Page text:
U.S. House of Representatives OKs Bill To Cut Ship Pollution
WASHINGTON -- The House approved legislation late Monday to cut polluting emissions spewed by ships powered by diesel fuel.
Under the House bill, the U.S. Coast Guard and Environmental Protection Agency would be given the authority to develop and enforce emission limits on the thousands of domestic and foreign-flagged vessels that enter U.S. waters each year.
The legislation would bring U.S. ship emission standards and requirements in line with pollution regulations followed by other countries.
Those regulations were adopted by the International Maritime Organization in 1997 to limit sulfur dioxide and nitrogen oxide emissions from ship exhausts that deplete the Earth's ozone.
The organization's regulations entered into force internationally in 2005 and the U.S. Senate adopted the treaty the following year.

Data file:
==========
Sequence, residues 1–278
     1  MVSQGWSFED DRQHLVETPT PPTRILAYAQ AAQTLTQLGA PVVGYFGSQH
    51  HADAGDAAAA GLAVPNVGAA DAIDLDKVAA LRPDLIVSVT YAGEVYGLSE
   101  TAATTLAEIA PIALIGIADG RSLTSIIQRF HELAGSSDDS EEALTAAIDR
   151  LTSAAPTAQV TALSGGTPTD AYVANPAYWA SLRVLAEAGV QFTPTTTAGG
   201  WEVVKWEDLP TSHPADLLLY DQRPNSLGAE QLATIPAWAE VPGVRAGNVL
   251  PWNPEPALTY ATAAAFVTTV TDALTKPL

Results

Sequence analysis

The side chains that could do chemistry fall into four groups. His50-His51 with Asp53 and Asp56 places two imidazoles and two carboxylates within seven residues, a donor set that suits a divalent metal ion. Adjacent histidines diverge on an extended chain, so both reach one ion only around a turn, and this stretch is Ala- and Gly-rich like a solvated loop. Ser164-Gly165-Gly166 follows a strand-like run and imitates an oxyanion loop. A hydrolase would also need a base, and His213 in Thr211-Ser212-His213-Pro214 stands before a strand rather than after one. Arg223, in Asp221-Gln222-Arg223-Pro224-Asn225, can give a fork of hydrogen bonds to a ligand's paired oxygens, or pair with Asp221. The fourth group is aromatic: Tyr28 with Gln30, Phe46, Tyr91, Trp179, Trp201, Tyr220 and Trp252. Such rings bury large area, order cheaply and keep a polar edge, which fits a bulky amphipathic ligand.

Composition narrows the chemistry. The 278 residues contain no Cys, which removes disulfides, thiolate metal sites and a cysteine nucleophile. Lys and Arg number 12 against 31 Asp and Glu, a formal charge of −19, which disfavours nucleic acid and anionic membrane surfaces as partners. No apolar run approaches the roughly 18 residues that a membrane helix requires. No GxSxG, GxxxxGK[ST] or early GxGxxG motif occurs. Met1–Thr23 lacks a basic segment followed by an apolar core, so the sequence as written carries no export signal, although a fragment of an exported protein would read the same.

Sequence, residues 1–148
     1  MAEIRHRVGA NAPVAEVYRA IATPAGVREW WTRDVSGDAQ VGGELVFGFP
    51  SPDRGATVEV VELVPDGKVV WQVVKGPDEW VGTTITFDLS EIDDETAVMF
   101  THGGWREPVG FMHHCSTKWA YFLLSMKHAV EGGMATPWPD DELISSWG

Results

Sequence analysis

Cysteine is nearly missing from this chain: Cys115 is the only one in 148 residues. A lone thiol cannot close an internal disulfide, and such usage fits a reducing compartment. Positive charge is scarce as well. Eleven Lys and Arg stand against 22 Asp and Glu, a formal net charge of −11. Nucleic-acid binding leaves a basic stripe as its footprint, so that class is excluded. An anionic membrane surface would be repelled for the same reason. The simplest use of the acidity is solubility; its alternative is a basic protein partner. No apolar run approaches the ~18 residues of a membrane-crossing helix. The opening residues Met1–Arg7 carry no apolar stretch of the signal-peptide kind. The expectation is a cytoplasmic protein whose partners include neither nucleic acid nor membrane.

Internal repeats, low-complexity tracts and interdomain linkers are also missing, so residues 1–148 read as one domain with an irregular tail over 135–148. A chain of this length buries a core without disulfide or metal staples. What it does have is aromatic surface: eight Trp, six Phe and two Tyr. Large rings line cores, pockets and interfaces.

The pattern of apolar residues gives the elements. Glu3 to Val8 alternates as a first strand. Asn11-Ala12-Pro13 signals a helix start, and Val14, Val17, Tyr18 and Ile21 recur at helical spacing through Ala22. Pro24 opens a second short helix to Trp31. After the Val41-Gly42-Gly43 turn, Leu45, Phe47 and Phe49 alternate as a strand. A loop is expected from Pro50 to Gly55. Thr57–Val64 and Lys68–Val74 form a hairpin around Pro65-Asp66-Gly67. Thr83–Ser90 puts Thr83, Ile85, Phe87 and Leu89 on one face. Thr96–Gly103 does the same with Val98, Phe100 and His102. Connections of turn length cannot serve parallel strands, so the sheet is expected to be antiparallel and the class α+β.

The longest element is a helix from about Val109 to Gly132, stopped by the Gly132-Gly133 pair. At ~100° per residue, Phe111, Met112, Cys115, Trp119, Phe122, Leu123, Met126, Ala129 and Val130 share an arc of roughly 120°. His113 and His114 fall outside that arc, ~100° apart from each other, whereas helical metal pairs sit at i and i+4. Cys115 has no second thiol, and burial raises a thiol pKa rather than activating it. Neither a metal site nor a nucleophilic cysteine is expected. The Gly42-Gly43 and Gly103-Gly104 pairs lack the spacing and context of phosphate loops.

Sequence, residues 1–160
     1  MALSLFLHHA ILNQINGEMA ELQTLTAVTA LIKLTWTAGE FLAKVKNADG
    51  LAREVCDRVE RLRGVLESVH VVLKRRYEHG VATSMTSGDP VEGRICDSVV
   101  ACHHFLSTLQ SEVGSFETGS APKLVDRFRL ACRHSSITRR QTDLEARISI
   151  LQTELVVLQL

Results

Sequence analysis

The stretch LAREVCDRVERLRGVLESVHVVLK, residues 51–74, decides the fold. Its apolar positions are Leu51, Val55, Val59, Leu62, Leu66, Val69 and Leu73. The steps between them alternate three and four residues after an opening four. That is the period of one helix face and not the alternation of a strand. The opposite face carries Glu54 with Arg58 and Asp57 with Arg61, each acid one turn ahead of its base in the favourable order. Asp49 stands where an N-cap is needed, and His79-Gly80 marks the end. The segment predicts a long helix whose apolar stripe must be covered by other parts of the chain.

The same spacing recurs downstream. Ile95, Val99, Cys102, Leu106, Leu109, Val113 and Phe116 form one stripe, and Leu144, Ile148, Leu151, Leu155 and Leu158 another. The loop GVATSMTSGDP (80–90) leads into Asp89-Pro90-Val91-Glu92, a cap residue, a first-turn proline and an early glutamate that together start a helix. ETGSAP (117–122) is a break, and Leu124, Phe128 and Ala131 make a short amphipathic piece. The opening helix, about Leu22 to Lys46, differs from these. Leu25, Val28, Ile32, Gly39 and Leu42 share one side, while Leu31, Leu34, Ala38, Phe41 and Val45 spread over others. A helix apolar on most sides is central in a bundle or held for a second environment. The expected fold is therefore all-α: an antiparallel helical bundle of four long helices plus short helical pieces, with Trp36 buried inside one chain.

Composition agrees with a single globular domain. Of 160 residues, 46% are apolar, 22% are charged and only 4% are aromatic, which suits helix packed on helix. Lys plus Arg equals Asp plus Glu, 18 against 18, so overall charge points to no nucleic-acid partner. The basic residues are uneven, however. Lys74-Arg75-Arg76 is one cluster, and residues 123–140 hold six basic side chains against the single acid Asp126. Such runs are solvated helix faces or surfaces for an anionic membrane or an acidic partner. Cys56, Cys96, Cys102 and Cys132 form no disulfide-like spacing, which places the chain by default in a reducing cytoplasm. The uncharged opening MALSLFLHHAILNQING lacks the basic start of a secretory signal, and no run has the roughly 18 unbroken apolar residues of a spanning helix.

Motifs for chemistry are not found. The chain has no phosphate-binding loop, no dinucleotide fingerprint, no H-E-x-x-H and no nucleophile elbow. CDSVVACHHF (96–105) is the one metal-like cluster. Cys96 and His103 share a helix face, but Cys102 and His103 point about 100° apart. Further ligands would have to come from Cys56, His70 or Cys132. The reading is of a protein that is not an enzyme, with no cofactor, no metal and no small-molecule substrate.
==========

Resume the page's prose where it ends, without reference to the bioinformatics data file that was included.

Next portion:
Ocean-going vessels produce more sulfur dioxide emissions than all the world's cars, trucks and buses combined, according to a new report from the International Council on Clean Transportation, made up of transportation and air quality officials and experts from around the world.
The study shows that the sulfur content of marine fuel is far greater than highway diesel fuel. Ships use fuel with an average sulfur content of 27,000 parts per million (ppm) compared to just 10 to 15 ppm for road fuels in Europe, Japan and the United States.
Rep. James Oberstar, the bill's co-sponsor, said he hoped the Senate would quickly pass the House legislation and send it to President Bush to sign into law.